Clicking on banner ads enables JWR to constantly improve
Jewish World Review April 11, 2001 / 18 Nissan , 5761

He Works/She Works
By Jaine Carter and James D. Carter

JWR's Pundits
World Editorial
Cartoon Showcase

Mallard Fillmore

Michael Barone
Mona Charen
Linda Chavez
Greg Crosby
Larry Elder
Don Feder
Suzanne Fields
James Glassman
Paul Greenberg
Bob Greene
Betsy Hart
Nat Hentoff
David Horowitz
Marianne Jennings
Michael Kelly
Mort Kondracke
Ch. Krauthammer
Lawrence Kudlow
Dr. Laura
John Leo
David Limbaugh
Michelle Malkin
Jackie Mason
Chris Matthews
Michael Medved
Kathleen Parker
Wes Pruden
Sam Schulman
Amity Shlaes
Roger Simon
Tony Snow
Thomas Sowell
Cal Thomas
Jonathan S. Tobin
Ben Wattenberg
George Will
Bruce Williams
Walter Williams
Mort Zuckerman

Consumer Reports

Nepotism in the office -- NEPOTISM is as old as business. An entrepreneur who has built a dynasty wants to pass that business on to heirs and training Junior to take over the family business is part of the American dream.

Relatives of people in power present a problem for other employees. Some relatives just aren't professional enough to handle their "power by influence" position and take advantage of the situation.

How does an employee who is not related to the boss give constructive feedback to a relative of that boss? How does he let the boss know that the relative is just not hacking it? Telling the boss creates a touchy situation and could be dangerous to the messenger's future with the company.

There are choices. The employee can run in and tell the boss that his relative is a klutz. The employee could calmly approach the relative to explain how to avoid klutzy situations in the future. Or the manager can do nothing and continue to take the heat.

Taking the heat may appear like an honorable thing to do, but it may not keep that manager in the running for fast track promotions. And it won't solve the problem of continually coping with a relative of a person in power.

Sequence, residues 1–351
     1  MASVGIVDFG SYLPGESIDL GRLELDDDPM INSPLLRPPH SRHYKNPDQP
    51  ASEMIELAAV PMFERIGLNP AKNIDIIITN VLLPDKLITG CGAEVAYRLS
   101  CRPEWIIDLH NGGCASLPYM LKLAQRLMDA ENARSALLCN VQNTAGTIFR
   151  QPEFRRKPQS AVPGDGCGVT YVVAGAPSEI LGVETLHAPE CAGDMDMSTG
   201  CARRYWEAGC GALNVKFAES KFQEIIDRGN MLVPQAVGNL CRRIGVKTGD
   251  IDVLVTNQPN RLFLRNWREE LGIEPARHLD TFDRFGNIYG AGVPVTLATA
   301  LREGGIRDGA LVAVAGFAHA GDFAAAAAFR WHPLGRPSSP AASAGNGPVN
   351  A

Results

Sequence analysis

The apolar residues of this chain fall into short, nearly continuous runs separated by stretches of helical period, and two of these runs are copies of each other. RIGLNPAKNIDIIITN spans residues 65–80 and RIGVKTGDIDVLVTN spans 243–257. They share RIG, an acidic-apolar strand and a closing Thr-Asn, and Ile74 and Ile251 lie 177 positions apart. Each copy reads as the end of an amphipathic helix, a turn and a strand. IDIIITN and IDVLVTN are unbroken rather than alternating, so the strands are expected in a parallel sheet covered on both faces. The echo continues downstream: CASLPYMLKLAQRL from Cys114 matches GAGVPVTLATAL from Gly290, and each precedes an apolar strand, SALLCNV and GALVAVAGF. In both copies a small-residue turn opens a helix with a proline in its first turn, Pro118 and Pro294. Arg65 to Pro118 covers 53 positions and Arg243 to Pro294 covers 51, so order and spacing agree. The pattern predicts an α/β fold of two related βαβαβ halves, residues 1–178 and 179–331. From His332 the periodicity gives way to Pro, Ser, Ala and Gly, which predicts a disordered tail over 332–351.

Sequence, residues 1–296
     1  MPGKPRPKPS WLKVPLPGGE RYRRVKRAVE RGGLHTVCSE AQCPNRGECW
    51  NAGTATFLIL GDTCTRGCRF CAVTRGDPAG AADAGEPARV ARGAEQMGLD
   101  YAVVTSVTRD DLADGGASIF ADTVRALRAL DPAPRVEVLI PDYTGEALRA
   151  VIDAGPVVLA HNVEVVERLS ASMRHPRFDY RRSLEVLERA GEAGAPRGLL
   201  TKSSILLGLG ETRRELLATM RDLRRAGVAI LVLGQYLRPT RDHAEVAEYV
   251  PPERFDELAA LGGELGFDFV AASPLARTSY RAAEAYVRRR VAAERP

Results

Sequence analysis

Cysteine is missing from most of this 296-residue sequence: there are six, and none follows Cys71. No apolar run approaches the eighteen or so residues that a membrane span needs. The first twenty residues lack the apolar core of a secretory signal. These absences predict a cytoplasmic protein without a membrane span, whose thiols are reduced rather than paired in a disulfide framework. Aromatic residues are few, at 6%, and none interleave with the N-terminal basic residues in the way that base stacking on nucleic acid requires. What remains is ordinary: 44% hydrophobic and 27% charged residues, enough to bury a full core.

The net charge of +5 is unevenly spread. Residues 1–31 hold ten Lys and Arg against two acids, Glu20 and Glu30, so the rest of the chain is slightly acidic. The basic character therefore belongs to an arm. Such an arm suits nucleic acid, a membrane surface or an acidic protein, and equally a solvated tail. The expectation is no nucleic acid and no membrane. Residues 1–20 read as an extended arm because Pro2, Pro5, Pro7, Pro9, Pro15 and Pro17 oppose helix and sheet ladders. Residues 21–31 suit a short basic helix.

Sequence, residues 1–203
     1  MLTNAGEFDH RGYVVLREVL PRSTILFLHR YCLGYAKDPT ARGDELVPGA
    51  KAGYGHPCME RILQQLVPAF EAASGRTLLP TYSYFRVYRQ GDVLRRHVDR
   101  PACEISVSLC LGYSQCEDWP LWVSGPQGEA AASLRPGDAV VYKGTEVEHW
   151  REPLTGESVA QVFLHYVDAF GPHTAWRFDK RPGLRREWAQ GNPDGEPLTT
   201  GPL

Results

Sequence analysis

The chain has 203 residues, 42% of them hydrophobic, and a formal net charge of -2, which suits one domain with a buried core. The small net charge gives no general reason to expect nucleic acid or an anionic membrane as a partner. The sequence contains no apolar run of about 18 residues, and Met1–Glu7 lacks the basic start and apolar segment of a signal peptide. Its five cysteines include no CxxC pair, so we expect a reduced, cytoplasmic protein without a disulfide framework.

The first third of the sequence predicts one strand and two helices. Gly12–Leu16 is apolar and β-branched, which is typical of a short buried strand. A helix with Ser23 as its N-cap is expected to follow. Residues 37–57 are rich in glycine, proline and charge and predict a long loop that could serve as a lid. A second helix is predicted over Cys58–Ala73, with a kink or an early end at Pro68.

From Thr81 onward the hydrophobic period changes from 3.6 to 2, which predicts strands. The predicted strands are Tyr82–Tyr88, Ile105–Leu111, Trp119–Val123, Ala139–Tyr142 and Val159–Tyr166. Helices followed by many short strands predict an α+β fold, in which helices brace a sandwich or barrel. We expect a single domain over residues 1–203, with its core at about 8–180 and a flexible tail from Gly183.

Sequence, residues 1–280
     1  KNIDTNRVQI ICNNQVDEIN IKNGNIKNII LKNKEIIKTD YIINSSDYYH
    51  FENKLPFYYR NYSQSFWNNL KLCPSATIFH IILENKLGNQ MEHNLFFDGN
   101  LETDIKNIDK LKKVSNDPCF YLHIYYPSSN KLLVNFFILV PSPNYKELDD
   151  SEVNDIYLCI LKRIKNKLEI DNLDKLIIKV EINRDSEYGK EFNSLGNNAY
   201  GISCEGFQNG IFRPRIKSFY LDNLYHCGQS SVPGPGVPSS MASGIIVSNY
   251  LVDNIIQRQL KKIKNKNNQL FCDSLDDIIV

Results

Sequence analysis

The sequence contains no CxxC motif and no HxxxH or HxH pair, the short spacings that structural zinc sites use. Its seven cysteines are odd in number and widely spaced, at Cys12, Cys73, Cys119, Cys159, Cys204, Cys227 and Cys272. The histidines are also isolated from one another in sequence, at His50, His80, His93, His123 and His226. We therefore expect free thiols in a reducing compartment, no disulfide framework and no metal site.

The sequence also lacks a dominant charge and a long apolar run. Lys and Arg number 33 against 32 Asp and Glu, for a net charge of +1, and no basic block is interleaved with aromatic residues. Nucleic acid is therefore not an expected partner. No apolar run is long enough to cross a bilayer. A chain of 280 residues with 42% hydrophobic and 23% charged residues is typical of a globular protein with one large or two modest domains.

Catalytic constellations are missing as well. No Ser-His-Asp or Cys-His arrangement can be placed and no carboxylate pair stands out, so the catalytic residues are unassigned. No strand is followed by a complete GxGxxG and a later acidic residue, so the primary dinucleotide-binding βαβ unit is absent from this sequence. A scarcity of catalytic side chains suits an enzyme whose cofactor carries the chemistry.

One office administrator explained, "The boss hired his daughter two years ago to implement special projects. She thinks the rules that apply to the rest of our employees don't include her. She comes in when she feels like it, orders other employees around and fails to follow-through on assignments. I've mentioned it to the boss but all he ever says is, 'I'll take care of it.' Nothing changes."

Because of the risks involved and the discomfort it causes other employees, many companies have implemented a no-nepotism rule. Unfortunately, this isn't always the solution for small, entrepreneurial businesses. Entrepreneurs have a right, and even a need, to bring their relatives into their business. It's part of long range succession planning.

There are several other reasons why a no-nepotism policy can be a bad idea. Married couples working together are cost effective. A company saves on benefits, as only one of the employees will require health insurance. The bad news is that if she becomes pregnant and intends to avail herself of the 12-weeks unpaid leave provided by the Family and Medical Leave Act, the company conceivably could lose two employees for up to 12 weeks. Annual vacations also present a challenge.

Couples working together are usually more loyal to the corporation that allows them to double up on work related expenses. Traveling to and from work saves commuter expenses. It also affords couples extra time together.

Employees lucky enough to work for a company that allows family members to work together should take special care not to abuse this perk. Avoid unnecessary interaction during working hours. Plan for future problems. It's impossible for a partner in a higher position to discipline or correct his/her spouse. Therefore, a company policy that prevents spouses from holding boss/subordinate positions should be established.

Adopt a professional attitude toward working in the same company by establishing ground rules for handling personal disagreements during working hours. An argument on the way to work could cause the company to lose two productive employees for the day.

What about the boss' relatives? A good boss should know that relatives create feedback problems for non-related employees. Knowing this she should design an objective system to help relieve obstacles. The best system begins with the boss demanding, and expecting, greater productivity from relatives. If the boss wants to train relatives then he should continually, and personally, monitor performance and reward messengers who have the courage to tell it like it is. Then, the boss should implement corrective action.

Jaine Carter, Ph.D. and James D. Carter, Ph.D. are management consultants and authors of the book, ''He Works She Works -- Successful Strategies for Working Couples." Comment by clicking here.


03/30/01: Take a mental breath
03/22/01: The Vista Rx formula
03/19/01: Getting organized takes time; staying organized takes planning
02/22/01: Learning power points

© 2001, SHNS